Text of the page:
The document is aimed at sparking debate about the future of the town, and explores ideas including creating a new northern entrance to the railway station and a riverside walkway and park by re-routing traffic away from Smithfield Road, and revitalising the Abbey Foregate viaduct to provide space for businesses and community events.
Several priority projects are listed in the plan, including the development of Riverside and Frankwell, the re-purposing of Pride Hill Shopping Centre which could become a cinema, and the council moving out of Shirehall and into a town centre site. Improvements to the railway station, reducing traffic and re-imagining bus services are also high priorities.
Concerns have been raised over the bus station being demolished, how changes would impact on the aesthetic of historic parts of the town centre, how travel may be impacted and how it will all be paid for, especially given the damage done to the economy by the Covid-19 pandemic.
But civic leaders say plans are "not set in stone", and while they believe the aspirational ideas would help improve Shrewsbury for generations to come, they are keen to hear views from the public to help firm up plans in the future.
The report has been published by urban designers Glenn Howells Architects on behalf of the Shrewsbury Big Town Plan Partnership, which is made up of Shropshire Council, Shrewsbury Town Council and Shrewsbury BID.
Dav Bansal, partner at Glenn Howells Architects, said: “We believe Shrewsbury could lead the way for others to follow with ambitious plans to ‘future-proof’ the town.
“The Masterplan Vision explores how this historic town will address the challenges of climate change, healthy places and changing trends in how we live, work, shop and play, which is now even more so relevant during this pandemic while continuing to build on the great work that has already been done in establishing the vision for the Big Town Plan.”
The report considers how Shrewsbury could develop across four interconnected themes:
Quality and characterful public spaces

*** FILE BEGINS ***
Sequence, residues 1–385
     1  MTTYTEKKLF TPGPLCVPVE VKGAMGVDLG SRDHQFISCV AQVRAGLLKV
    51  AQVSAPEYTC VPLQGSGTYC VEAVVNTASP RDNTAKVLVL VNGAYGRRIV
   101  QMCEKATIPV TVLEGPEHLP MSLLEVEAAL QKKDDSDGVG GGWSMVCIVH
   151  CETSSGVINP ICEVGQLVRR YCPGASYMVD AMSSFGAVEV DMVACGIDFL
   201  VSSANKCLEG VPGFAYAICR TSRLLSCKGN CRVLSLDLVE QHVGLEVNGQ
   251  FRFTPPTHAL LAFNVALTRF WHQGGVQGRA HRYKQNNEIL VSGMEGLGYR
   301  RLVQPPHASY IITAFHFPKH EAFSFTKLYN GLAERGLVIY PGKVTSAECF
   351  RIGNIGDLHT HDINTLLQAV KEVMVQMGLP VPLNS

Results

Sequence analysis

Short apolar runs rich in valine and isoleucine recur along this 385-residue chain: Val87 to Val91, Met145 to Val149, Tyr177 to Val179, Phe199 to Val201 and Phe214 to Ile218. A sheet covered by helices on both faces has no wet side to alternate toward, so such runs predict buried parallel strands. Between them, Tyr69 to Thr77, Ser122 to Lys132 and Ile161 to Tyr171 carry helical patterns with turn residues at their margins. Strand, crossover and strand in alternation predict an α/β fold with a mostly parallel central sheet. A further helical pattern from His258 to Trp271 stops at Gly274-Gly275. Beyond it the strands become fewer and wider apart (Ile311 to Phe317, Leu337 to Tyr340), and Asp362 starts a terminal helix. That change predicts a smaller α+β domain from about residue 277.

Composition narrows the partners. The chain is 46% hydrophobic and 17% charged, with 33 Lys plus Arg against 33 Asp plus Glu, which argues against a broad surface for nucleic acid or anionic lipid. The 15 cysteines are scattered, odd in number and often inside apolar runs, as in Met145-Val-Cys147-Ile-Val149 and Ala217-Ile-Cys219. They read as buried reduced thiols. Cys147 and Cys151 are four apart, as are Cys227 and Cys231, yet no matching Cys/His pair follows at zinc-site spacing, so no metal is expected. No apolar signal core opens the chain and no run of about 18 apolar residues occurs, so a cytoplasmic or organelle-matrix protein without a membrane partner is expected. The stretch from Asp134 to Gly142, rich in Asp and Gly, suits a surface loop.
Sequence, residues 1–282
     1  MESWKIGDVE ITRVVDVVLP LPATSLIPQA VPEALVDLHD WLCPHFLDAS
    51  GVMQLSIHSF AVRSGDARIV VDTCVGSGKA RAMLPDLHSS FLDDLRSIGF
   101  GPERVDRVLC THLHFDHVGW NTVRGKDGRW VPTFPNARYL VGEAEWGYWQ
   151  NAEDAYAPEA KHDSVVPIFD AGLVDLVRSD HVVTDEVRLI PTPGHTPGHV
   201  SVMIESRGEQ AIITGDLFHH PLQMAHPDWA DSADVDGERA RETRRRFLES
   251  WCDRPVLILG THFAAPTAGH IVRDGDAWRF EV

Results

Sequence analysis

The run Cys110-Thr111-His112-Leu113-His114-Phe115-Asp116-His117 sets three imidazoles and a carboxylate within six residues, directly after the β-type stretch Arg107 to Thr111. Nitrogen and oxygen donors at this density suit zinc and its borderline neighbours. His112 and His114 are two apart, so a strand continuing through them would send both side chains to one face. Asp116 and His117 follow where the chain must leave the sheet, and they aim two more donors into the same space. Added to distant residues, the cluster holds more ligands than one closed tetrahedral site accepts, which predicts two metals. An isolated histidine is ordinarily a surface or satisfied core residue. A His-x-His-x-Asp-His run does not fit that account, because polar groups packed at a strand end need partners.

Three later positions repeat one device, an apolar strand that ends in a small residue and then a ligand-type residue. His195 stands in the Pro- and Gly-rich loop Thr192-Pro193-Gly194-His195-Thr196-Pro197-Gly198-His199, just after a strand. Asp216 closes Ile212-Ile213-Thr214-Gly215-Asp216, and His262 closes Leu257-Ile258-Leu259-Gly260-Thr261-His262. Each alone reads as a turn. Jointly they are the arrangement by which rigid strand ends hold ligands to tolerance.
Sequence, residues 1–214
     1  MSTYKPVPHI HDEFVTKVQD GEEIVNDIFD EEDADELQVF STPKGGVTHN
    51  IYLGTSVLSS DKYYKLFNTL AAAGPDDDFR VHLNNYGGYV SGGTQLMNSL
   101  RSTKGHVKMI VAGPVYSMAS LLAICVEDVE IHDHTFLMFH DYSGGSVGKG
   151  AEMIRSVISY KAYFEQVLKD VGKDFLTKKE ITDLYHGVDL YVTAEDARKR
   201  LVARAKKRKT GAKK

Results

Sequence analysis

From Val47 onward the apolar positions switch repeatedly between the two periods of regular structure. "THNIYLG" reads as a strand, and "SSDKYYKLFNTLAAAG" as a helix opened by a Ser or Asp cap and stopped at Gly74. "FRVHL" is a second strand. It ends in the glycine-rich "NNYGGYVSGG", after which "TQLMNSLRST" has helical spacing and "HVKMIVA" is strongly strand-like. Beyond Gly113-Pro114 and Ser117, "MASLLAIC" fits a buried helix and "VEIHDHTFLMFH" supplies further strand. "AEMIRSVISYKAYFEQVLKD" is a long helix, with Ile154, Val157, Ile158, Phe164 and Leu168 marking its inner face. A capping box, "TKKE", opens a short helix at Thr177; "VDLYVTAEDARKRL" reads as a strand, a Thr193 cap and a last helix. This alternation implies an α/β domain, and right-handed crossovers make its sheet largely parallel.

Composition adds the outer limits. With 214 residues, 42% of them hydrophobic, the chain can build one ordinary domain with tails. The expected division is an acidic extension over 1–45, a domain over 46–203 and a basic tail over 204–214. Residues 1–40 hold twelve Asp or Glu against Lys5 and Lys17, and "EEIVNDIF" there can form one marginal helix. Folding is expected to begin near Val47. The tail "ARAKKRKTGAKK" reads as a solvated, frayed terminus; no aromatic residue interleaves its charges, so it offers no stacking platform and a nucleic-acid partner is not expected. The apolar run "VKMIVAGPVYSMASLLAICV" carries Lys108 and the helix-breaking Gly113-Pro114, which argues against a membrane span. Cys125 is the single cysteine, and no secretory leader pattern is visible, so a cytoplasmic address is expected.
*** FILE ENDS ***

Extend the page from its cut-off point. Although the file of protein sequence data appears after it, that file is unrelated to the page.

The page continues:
These themes and the range of ideas outlined in the report will be explored in more detail during a series of online discussion sessions taking place as part of the virtual Shrewsbury Big Town Plan Festival, running from January 19 to 29.
People are being invited to visit festival.shrewsburybigtownplan.org where they can register to join the sessions live or watch on demand. The full Masterplan Vision document is also available on the website.
Shropshire Council leader, Peter Nutting, said: “This document contains a lot of very exciting ideas and we hope it will instigate some positive discussions about the future development of Shrewsbury.
“People’s safety in the current climate is of course very much at the forefront of everyone’s minds, but the Covid-19 pandemic has accelerated significant shifts that were already happening in town centres.
“It’s vital for our future prosperity that we are well placed and prepared to embrace new ways in which people will live, work and travel – standing still is not an option.”
Shrewsbury Town Council leader, Alan Mosley, added: “Shrewsbury is already a very special place and through this plan we want to ensure that our outstanding heritage and natural environment is enhanced and celebrated, whilst increasing what the town can offer to people of all ages and backgrounds."
James Handley, elected non-executive director of Shrewsbury BID, said: “It is a visionary document that we hope will inspire debate about how Shrewsbury can evolve to make the most of its rich assets and position itself in the best possible way in our rapidly-changing world.
“I would urge everyone to spend some time reading through the report and join us at the Big Town Plan Festival from January 19 when we can explore the details and discuss the wider context of how towns like Shrewsbury can thrive now and in the future.”
Visit shrewsburybigtownplan.org for more information.